(6) Lighting and contrast. Often terminals end up in a place that was not
designed for a computer. The area is generally twice as bright as it ought to be for a
VDT screen. It is difficult for the eye to adapt to both the bright room and the lower light
level of the screen. To reduce this contrast, draw the shades, use lower watt bulbs, and
fewer fluorescent lights, if possible. Room illumination should be about half what it
usually is in an office. The optimum lighting would be 30 to 50 foot candles (the
equivalent of a 60-watt bulb in a small room). If these modifications aren't feasible,
consider fitting a hood over the screen to reduce outside light.
(7) Using Video Display Terminal controls. Many users forget to adjust their
VDTs. The brightness control regulates overall brightness of the screen. The screen
should be three to four times brighter than overall room illumination. The contrast
control adjusts brightness of the characters in relation to the screen. Characters should
be five to ten times brighter than the background. You should adjust the controls so that
characters are not too dim, nor so bright that they flicker.
(8) Video Display Terminal quality. You will experience less VDT fatigue if
you are working at a good quality screen. A flickering screen should be avoided. On a
good unit, flickering can be eliminated by adjusting brightness. The color of the display
is another factor. Green and amber are more restful to the eyes, while red and blue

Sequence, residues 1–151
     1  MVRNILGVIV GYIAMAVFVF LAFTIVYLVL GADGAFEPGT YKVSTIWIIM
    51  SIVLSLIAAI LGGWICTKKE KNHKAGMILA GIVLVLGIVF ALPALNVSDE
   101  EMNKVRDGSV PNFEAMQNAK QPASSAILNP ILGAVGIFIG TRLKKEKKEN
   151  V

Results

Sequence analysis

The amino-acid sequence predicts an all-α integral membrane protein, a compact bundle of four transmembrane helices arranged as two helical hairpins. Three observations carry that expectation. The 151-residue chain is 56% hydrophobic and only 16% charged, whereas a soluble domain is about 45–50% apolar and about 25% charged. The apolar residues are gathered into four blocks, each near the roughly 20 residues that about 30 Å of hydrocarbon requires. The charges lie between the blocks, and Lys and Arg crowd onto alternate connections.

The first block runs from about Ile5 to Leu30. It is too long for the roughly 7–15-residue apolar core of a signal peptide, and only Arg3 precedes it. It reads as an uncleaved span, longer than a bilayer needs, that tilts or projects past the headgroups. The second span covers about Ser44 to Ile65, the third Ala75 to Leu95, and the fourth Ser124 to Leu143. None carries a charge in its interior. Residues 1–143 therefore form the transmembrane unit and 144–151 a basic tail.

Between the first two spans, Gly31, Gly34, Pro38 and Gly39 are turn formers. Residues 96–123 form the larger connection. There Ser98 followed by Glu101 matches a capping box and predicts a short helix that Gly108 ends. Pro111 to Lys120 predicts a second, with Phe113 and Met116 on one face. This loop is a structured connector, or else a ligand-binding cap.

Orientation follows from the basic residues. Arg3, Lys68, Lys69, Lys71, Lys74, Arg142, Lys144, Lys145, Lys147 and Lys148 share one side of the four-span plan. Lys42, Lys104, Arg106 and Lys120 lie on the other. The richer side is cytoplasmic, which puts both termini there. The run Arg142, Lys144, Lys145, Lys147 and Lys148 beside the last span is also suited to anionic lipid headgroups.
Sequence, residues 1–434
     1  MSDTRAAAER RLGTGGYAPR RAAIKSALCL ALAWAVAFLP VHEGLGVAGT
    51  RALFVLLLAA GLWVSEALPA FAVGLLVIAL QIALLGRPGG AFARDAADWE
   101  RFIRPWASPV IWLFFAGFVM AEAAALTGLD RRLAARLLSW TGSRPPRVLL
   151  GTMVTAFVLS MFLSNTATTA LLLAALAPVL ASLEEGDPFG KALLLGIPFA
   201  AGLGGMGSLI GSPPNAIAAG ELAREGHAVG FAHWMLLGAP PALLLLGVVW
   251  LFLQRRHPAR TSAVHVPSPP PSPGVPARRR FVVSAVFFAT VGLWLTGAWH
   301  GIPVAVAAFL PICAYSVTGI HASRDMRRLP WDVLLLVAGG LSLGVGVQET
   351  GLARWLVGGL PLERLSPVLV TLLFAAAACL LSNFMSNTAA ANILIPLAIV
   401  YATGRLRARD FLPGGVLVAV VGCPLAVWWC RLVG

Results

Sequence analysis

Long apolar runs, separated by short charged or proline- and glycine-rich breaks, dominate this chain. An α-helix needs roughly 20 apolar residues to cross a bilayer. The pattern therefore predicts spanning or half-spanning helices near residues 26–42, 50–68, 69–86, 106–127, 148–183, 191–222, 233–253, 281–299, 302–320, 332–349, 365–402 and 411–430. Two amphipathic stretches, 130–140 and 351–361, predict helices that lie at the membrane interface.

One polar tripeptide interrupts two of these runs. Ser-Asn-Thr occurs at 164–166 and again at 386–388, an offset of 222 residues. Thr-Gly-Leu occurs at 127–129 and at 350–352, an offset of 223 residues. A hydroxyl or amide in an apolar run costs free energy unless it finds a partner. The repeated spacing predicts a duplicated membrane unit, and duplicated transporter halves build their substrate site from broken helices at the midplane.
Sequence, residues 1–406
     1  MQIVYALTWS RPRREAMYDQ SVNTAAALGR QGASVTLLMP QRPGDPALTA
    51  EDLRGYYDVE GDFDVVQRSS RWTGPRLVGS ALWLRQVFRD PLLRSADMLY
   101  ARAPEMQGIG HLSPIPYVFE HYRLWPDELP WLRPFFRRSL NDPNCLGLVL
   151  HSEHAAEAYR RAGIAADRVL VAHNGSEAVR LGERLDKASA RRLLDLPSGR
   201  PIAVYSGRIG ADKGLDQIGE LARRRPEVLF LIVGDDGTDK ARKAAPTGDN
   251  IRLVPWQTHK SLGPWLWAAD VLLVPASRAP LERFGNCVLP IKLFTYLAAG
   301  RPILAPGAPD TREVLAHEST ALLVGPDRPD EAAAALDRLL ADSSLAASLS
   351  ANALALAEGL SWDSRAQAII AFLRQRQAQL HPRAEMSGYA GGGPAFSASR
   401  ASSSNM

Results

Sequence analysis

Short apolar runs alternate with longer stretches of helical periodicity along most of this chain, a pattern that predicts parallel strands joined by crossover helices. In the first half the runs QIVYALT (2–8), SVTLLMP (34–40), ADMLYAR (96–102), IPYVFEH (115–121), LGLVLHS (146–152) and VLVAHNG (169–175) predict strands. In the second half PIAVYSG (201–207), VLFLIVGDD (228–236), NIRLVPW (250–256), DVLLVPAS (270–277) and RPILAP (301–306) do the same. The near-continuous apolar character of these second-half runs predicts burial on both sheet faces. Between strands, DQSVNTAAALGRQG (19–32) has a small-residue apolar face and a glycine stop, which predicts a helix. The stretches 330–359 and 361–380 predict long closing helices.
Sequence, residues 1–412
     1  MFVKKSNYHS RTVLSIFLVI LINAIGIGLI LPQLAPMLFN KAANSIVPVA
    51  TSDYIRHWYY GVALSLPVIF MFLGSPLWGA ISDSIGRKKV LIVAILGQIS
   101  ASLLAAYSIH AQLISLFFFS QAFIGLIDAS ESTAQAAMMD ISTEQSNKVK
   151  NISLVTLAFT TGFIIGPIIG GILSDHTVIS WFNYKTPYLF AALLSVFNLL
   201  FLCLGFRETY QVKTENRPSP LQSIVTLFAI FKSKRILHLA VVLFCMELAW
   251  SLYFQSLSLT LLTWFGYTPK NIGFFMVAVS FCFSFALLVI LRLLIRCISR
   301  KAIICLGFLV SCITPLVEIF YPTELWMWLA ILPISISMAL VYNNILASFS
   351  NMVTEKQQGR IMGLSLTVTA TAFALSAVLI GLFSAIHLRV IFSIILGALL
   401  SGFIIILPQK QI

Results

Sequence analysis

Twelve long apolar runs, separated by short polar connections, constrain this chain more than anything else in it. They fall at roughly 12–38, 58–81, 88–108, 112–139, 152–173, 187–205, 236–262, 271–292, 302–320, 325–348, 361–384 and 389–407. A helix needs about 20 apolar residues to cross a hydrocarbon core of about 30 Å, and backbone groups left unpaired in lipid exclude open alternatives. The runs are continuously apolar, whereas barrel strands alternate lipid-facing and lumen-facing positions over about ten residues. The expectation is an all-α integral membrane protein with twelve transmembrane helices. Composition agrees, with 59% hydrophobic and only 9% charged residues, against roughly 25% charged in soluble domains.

cause the most strain. Legibility of the characters is critical too. If you are working at a
five inch screen with tiny letters, your fatigue level will be high. Resolution, the
closeness of space between the dots, will also affect legibility and viewing comfort.
(9) Glare and reflections. Glare, one of the biggest problems associated
with VDTs, has two sources: glare reflected from light and glare from objects in the
background. To detect glare, sit in front of the monitor with the computer off. Whatever
you see reflected on the screen will cause glare when the machine is on. Take the time
to draw shades, close doors, move or shield lamps, and get rid of bright reflecting lights.
To determine when glare is blocked out, move a book or paper in front of the screen.
(Notice if that is too much glare that can be reflected from people or objects in the
background.) Position the VDT so that there are few objects in the background. If there
is a background object reflected on the screen, your eyes will constantly be refocusing
from the 2-foot distance of the screen to the distance of the object, that is, a bookcase,
ten feet away. An anti-glare filter will very effectively eliminate these problems. If your
VDT does not come equipped with a built-in filter, you can purchase an add-on. A tilt or
swivel feature on a VDT helps control glare. You can also improvise with books or
pads. Finally, even the color of your shirt or blouse will affect glare, with lighter colors
contributing to an increased glare problem.